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Roswell Missle Silos

Many memories of RoswellNew Mexico‘s abandoned missile silos swarmed through my head as I recently explored them on a recent visit to Roswell. In the 80’s we used to throw big high school parties in them, partying in what we thought was once the control room, but appears by online research to have been the living quarters of the soldiers who were on call ready to push buttons. There are 12 silos, now abandoned, that surround the town of Roswell, New Mexico.

Hidden from public view, all one can see from the highway, in the middle of nowhere, is a small, blending into the environment, grey concrete rectal-triangular block, that encases a stairwell that enters into a 3-7 level complex of circular rooms and chambers, leading to a circular tunnel that goes to the giant silo tube where the missiles would be launched. Above ground is pits where the fuel storage tanks once were located, such as liquid nitrogen and oxygen. Large missile silo doors rest flat against the ground. The entire structure is built to survive missile attacks upon them. Each missile was stored on alert with RP-1 on board and was fueled with liquid oxygen prior to launch countdown just as the missile was raised on the elevator.

The small hatch-hole (missing hatch) in the pictures below was a guidance antenna to help navigate the missile in flight. The hatch would pop open prior to launch and would raise the antennae. The large doors on the ground surface, shown in the pictures below, would raise open prior to launch as well. As you proceed down the top stairs and turn two corners, there is a massive air-tight sealed ‘blast door’. Most of the abandoned silos have these welded shut so no one can venture further below. Previous visitors have apparently weld-cut a hole in them to crawl through. Through more hall walls and a set of stairs, you can enter through another blast door, and then down into the living area (that I thought was where the control room was located), following down the stairwell another few levels, are more circular rooms, some used for control rooms, others kitchens and work areas, in the ceiling are emergency escape hatches through a vertical tunnel filled with sand, once opened the sand would fall to the ground, and the ladder would tumble down.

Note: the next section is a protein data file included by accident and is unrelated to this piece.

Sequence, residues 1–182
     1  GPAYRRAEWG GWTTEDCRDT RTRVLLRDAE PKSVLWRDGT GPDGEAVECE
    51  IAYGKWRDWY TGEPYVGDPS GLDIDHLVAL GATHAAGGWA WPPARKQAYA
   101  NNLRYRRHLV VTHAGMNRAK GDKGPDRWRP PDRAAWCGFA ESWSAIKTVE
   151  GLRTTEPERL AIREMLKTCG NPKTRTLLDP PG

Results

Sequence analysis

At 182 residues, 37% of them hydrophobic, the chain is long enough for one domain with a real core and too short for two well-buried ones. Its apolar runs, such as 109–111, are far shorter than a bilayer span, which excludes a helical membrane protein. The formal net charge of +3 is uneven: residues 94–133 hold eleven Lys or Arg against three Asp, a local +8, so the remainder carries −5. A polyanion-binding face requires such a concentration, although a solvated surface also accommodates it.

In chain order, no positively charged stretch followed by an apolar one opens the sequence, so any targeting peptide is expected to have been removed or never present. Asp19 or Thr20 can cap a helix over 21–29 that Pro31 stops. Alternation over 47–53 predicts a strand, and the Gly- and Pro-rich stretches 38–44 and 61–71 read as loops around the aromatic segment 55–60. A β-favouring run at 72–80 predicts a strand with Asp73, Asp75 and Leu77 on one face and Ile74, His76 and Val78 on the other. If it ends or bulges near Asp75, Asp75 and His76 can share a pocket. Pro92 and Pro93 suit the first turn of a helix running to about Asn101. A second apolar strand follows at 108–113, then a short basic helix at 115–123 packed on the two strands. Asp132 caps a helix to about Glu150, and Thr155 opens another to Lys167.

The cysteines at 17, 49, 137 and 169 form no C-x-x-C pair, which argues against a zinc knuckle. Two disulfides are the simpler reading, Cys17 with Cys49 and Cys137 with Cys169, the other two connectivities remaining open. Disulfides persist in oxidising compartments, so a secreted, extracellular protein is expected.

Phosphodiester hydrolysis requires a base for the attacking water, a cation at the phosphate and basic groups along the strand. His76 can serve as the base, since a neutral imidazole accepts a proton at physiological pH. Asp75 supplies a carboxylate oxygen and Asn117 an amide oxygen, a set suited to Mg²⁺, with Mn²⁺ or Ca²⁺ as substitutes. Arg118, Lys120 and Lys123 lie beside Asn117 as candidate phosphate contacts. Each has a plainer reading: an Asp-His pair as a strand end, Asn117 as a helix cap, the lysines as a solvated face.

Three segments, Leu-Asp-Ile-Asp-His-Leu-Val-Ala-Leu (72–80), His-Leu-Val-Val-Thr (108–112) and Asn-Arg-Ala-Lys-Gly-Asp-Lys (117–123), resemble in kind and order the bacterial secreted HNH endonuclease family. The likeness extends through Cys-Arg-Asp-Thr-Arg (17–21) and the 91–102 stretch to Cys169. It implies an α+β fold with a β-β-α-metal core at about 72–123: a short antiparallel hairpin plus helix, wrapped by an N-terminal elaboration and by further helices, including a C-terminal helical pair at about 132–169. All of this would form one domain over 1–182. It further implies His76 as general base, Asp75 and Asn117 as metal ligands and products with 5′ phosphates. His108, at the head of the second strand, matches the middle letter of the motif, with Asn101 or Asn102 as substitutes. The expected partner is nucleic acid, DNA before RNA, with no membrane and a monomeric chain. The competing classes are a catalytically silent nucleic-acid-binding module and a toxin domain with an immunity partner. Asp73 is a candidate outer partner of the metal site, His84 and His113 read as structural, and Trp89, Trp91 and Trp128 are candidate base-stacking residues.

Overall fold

The tunnel at the bottom of the stairs, a hard hat area then and especially now, leads to a sealed room and to the actual silo itself. Each entrance is capped with a blast door. The silos range in depth from several stories deep to over a dozen stories deep. The bottom of the silo is filled with water. There is a launch tunnel deck with spiral and vertical ladders that go to the bottom of the silo. 

This particular silo is located approximately 3/4 miles north of the Alien Crash Site, around mile marker 133. Apparently, the 12 silos surrounding Roswell were constructed between 1960 and 1964 because of threatened relations between the U.S. and the USSR. Most Americans were frightened by the nuclear attacks, as was the US government. These silos were built for the defense of the local air force base. As the US attempted to build a network of launch sites for missiles capable of rocketing nuclear explosives to the enemy, and these silos were used to launch the Atlas F missiles. By 1965 they were DE-commissioned, considered obsolete, dismantled, and abandoned. Apparently, Abilene, Texas; Oplin, Texas; Bradshaw, Texas; was also surrounded by similar silos. Browsing around the web, I’ve found some great silo stories and Information pages about them.

One of the silos is located a few miles down the road from the UFO Crash Site. On the last visit on June 26, 2018 – me and my son visited the one-off Highway 287 was open and able to be explored.

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